Know the Enemies Capabilities

Discussion in 'Resources' started by Hechicera, Aug 7, 2009.

  1. Hechicera Member

    The term "deep packet" inspection is what has been talked about as the source of Iran's strong network censorship. There are other keywords you should watch to see when this technology is present: "payload" inspection and "Layer 7" inspection. This technology is being rapidly developed and marketed by more than one company, and they have set up an industry organization to promote it's use.

    Three leading companies:
    Qosmos QOSMOS - Network Intelligence - Deep Packet Inspection

    Narus Narus

    Ipoque ipoque :: Bandwidth Management with Deep Packet Inspection - DPI

    Note that all are fully programmable and interface with other applications. So capabilities of a system as sold "off the shelf" can be modified and enhanced by the purchaser. Reading a white paper spec. on system capabilities and assuming it doesn't have a certain capability could be a bad assumption. One application they mostly claim to provide integration with is this one:

    NetWitness - Total Network Knowledge&#8482

    Other things of note:
    Narus' installed base:
    Narus Customer Profile

    Is there a glowy dot near you? Read the webpages, check out the companies which partner them. Be aware of privacy laws in your own country, and how they apply to network traffic. Most are not as strong as you think, all need to be updated in some areas to cover new technology.

    Here is the industry webpage:
    Read their propaganda. Read the advise to lawyers, to ISPs. Read the marketing.
  2. This is not news


    This has been going on for about 15 years now for (IP based traffic) so why the surprise. The tools are security tools. One can hardly hold the designers, manufactures and companies accountable for the actions of a rogue regime let alone for selling the wares that the marketplace demanded. For breaking sanctions yes nail them to the wall.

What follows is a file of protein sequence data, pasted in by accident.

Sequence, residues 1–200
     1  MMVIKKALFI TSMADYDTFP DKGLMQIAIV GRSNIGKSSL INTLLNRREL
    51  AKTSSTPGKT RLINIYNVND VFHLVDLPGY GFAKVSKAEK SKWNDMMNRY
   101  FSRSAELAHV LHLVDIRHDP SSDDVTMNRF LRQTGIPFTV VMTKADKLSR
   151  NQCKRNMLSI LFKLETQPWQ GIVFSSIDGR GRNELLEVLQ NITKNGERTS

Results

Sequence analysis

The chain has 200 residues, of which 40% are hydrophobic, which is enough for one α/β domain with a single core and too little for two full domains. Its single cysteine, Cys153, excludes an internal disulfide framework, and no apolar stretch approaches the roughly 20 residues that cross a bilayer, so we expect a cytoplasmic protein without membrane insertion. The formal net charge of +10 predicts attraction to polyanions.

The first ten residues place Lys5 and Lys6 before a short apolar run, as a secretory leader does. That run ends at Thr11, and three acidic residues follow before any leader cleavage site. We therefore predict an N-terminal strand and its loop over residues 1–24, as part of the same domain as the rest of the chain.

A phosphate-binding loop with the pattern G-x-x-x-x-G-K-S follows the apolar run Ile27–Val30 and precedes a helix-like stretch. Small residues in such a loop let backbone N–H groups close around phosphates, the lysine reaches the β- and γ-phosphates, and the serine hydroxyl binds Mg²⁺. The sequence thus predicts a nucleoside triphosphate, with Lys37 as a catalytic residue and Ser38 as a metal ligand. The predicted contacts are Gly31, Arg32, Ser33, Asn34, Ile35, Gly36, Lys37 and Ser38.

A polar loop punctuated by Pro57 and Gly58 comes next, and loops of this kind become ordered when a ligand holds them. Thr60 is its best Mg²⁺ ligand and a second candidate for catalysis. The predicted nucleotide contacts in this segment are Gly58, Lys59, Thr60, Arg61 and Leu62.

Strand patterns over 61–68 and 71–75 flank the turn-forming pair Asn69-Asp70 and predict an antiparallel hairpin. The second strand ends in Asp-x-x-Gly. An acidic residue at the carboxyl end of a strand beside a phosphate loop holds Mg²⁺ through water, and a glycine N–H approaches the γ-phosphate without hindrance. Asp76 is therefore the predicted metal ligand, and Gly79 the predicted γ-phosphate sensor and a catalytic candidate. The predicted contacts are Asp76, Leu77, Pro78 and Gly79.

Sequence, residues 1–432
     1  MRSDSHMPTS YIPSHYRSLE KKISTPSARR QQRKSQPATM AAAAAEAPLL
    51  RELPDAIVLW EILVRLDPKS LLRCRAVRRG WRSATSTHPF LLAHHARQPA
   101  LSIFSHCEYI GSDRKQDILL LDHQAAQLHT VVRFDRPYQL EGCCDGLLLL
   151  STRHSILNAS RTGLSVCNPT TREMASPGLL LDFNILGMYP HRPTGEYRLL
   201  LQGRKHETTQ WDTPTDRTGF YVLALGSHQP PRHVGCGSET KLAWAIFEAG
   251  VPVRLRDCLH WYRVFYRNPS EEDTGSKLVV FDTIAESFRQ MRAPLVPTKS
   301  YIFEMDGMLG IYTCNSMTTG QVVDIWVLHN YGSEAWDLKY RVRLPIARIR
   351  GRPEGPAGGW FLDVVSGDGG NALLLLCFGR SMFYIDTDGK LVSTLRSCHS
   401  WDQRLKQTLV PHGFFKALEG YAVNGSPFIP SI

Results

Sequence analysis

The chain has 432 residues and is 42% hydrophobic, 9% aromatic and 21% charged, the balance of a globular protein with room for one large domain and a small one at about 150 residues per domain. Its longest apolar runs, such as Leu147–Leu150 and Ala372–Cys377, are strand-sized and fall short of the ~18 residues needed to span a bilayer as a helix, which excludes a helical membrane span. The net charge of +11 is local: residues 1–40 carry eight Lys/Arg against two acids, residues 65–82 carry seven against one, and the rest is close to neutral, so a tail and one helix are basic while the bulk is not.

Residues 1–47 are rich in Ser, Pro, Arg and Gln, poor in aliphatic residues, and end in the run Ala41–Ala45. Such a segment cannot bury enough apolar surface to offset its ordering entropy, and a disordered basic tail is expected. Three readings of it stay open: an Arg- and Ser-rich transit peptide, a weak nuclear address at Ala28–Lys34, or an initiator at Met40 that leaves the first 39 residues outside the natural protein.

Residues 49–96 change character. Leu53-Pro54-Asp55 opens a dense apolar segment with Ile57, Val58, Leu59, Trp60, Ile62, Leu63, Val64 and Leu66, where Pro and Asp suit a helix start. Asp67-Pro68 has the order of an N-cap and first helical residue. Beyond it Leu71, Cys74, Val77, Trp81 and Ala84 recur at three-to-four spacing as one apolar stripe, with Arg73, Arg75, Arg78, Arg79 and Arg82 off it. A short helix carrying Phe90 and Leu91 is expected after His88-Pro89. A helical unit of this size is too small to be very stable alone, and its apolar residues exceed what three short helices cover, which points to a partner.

Back in the day I personally helped design some of the early equipment and deployments in the USA in fact I even tried to warn crypto users that their traffic was vulnerable and pretty much told on this list I did know of which I speak so I am even reluctant to post. Yes I feel bad for the green men/women but not sorry for them as they let it get this far, now we just sit and watch their precious Iran eat itself.

    IP Technologies White Papers
    Algorithms for Packet Classification
    Overview The process of categorizing packets into “flows” in an Internet router is called packet classification. All packets belonging to the same flow obey a pre-defined rule and are processed in a similar manner by the router. For example, all packets with the same source and destination IP addresses may be defined to form a flow. Packet classification is needed for non “best-effort” services, such as firewalls and quality of service; services that require the capability to distinguish and isolate traffic in different flows for suitable processing. In general, packet classification on multiple fields is a difficult problem. Hence, researchers have proposed a variety of algorithms which, broadly speaking; can be categorized as “basic search algorithms,” geometric algorithms, heuristic algorithms, or hardware-specific search algorithms. This white paper describes the algorithms that are representative of each category, and discusses which type of algorithm might be suitable for different applications.